PROVIDENCE, R.I. [Brown University] — Cornel West, a prominent intellectual, author and activist who serves as professor of the practice of public philosophy at Harvard University, made a passionate argument for pursuing moral clarity and thinking about “what kind of human you are going to choose to be,” in an address at Brown on Tuesday, March 6.
Referencing escalating income inequality, wage stagnation, mass incarceration and the persistence and resurgence of white supremacist movements, West said, “All these catastrophes are coalescing at the same time. That’s what it is to be a young person in 2018.”
Despite that bleak context, West delivered a fiery, uplifting plea for humanity. He urged audience members to confront these and other grave challenges by undertaking a “critical historical self-inventory,” and, crucially, to resist becoming discombobulated by despair.
Identifying the need for a “deep education, not schooling,” he referenced throughout his speech the Greek concept of paideia — a broad education focused on producing a whole, enlightened member of society — and called on students to distinguish between market-based success and freedom.
“Don’t confuse your vocation with your profession,” West said. “Put at the center of your calling and vocation integrity, not cupidity or venality. Venality means everything is up for sale. The black professional classes are told that to be free is to be successful. Success is one thing. Success is risk-averse. Freedom is something else.”
West’s talk at Brown was part of the Politics in the Humanities lecture series, organized through the Cogut Institute for the Humanities. Fittingly for a series designed to create dialogue on political questions across the humanities and social sciences, West discussed central existential questions through the examples of musicians, political and religious leaders, writers and philosophers ranging from the singer and pianist Dinah Washington to Martin Luther King Jr., playwright Anton Chekhov and philosopher John Dewey.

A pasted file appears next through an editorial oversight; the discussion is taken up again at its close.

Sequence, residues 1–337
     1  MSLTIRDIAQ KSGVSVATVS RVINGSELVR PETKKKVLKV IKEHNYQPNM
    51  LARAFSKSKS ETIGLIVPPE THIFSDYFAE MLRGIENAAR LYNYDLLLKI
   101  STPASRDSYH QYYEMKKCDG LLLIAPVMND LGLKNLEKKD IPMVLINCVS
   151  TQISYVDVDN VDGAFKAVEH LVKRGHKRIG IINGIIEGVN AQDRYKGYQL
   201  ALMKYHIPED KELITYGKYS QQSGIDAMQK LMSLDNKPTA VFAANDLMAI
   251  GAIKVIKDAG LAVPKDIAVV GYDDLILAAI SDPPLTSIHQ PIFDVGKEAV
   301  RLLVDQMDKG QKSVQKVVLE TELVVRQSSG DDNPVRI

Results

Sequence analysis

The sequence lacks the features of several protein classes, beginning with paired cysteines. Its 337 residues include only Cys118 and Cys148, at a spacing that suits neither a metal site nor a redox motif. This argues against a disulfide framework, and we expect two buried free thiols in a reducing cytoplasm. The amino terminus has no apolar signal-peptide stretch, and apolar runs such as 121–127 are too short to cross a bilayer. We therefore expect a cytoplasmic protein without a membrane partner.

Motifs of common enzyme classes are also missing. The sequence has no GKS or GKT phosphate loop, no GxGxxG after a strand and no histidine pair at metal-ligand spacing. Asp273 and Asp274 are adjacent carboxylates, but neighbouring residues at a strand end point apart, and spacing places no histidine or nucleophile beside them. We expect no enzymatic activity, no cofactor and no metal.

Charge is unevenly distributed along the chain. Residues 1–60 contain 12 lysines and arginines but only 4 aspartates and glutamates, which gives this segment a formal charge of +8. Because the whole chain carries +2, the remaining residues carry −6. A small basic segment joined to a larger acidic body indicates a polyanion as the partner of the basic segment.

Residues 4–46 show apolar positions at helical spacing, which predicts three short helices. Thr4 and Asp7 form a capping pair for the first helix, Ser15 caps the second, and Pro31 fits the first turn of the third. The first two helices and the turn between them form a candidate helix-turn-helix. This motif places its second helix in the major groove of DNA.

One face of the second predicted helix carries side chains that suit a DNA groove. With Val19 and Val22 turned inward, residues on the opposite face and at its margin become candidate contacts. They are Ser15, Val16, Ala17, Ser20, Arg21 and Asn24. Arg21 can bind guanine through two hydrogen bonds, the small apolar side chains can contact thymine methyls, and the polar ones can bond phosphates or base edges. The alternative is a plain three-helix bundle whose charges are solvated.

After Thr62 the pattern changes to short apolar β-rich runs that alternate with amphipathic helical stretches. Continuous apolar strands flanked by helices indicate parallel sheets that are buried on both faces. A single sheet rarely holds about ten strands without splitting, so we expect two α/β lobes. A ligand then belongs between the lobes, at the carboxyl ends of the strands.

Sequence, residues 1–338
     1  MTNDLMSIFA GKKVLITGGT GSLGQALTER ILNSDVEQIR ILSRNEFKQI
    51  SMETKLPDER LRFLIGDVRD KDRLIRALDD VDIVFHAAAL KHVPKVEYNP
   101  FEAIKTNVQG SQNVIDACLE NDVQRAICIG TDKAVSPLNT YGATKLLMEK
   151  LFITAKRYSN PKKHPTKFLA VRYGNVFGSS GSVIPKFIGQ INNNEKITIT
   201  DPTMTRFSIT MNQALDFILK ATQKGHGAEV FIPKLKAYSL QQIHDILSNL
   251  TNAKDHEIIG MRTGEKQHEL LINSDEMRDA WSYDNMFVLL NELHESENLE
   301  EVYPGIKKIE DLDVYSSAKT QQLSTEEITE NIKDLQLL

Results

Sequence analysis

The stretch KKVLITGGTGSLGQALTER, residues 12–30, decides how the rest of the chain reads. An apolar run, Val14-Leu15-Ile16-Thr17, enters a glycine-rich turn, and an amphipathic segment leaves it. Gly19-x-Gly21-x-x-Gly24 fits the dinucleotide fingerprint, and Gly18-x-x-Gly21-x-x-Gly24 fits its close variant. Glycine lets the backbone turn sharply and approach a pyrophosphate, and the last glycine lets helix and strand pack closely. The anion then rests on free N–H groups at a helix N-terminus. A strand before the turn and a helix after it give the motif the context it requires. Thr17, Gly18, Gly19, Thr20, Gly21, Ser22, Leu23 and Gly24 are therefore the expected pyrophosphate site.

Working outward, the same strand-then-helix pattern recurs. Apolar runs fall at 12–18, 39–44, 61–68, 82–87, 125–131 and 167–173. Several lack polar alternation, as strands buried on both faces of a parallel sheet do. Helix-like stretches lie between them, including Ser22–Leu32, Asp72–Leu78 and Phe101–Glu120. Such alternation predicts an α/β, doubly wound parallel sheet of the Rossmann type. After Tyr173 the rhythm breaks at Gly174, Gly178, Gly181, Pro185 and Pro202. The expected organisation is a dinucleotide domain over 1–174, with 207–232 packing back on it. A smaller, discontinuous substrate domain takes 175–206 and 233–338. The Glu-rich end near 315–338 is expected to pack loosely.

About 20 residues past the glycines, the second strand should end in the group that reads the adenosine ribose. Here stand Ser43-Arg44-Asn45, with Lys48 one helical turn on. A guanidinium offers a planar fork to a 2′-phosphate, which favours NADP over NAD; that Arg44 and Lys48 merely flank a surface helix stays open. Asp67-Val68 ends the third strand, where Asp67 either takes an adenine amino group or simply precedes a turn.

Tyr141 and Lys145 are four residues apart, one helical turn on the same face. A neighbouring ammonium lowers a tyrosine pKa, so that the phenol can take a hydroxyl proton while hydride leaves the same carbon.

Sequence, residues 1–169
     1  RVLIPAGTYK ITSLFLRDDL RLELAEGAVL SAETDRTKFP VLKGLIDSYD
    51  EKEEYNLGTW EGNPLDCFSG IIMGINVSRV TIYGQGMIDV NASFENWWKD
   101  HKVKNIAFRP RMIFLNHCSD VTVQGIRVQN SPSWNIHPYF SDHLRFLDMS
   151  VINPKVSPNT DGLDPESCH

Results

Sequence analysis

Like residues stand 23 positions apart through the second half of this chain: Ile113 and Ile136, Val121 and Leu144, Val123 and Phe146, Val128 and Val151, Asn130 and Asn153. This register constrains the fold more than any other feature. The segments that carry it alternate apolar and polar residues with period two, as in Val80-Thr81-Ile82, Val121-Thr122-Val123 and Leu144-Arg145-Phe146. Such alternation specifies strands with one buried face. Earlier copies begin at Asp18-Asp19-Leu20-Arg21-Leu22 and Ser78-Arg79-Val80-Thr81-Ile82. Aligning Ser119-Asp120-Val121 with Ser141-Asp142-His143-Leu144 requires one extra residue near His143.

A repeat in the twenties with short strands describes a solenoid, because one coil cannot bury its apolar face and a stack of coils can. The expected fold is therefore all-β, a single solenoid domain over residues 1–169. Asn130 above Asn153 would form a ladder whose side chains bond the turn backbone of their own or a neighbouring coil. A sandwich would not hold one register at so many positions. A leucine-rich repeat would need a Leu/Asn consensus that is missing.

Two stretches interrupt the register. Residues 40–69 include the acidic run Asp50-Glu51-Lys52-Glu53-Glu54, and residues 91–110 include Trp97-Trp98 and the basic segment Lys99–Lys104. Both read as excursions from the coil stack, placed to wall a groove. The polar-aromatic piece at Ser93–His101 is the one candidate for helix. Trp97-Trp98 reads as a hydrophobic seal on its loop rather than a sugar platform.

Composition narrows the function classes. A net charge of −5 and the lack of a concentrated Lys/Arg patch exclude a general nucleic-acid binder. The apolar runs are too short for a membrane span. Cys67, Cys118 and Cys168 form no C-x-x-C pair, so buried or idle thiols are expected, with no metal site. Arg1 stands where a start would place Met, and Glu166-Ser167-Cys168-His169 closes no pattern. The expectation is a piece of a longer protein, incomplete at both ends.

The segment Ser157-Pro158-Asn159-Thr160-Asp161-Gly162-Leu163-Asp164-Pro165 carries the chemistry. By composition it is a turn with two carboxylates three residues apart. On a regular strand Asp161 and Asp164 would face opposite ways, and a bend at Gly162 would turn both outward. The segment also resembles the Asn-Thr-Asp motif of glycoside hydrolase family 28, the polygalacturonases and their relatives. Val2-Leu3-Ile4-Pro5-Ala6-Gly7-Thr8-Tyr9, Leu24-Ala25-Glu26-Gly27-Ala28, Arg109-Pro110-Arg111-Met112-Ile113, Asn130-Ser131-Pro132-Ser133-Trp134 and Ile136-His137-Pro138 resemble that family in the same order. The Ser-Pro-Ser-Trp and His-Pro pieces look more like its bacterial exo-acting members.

West said that artists in particular confront catastrophe with compassion and creativity, and that the work of blues musicians was instructive in staying alert to the suffering of others.
“Truth means the condition of suffering must speak,” said West, who advised his listeners to “keep track of any form of harm, of unwarranted hurt.”
West also cautioned that it is important to remember that “we have been shaped very deeply by the things we are critical of” and that the focus should be on critical compassion and delicate, difficult conversations, rather than responding to terror or injustice or difficulty by imposing terror or injustice on others. “You can’t hate your way through this,” he said.
He raised the example of Mamie Till, the mother of Emmett Till, the black 14-year-old who was murdered in Mississippi in 1955 after he was accused of flirting with a white woman.
“Emmett Till’s mother said: ‘I don’t have a minute to hate. I’m going to pursue justice for the rest of my life,’” West said.
At multiple points during his speech, West described himself as a radical democrat and revolutionary Christian. Bonnie Honig, a Brown professor of modern culture and media and political science and the organizer of the Politics in the Humanities series, called him “above all an educator, a teacher” who encourages us “to be more, to do more, to see more.”
During his daylong visit to the Brown campus, West visited two courses, engaging directly with graduate and undergraduate students in a collaborative humanities seminar focusing on politics and literature and a religious studies course, respectively.
He was also a tireless interlocutor, answering complex questions by a long line of audience members after his address, all of whom seemed to want to hear more from West, who pronounced that in this “bleak moment now, we will find out who we are.”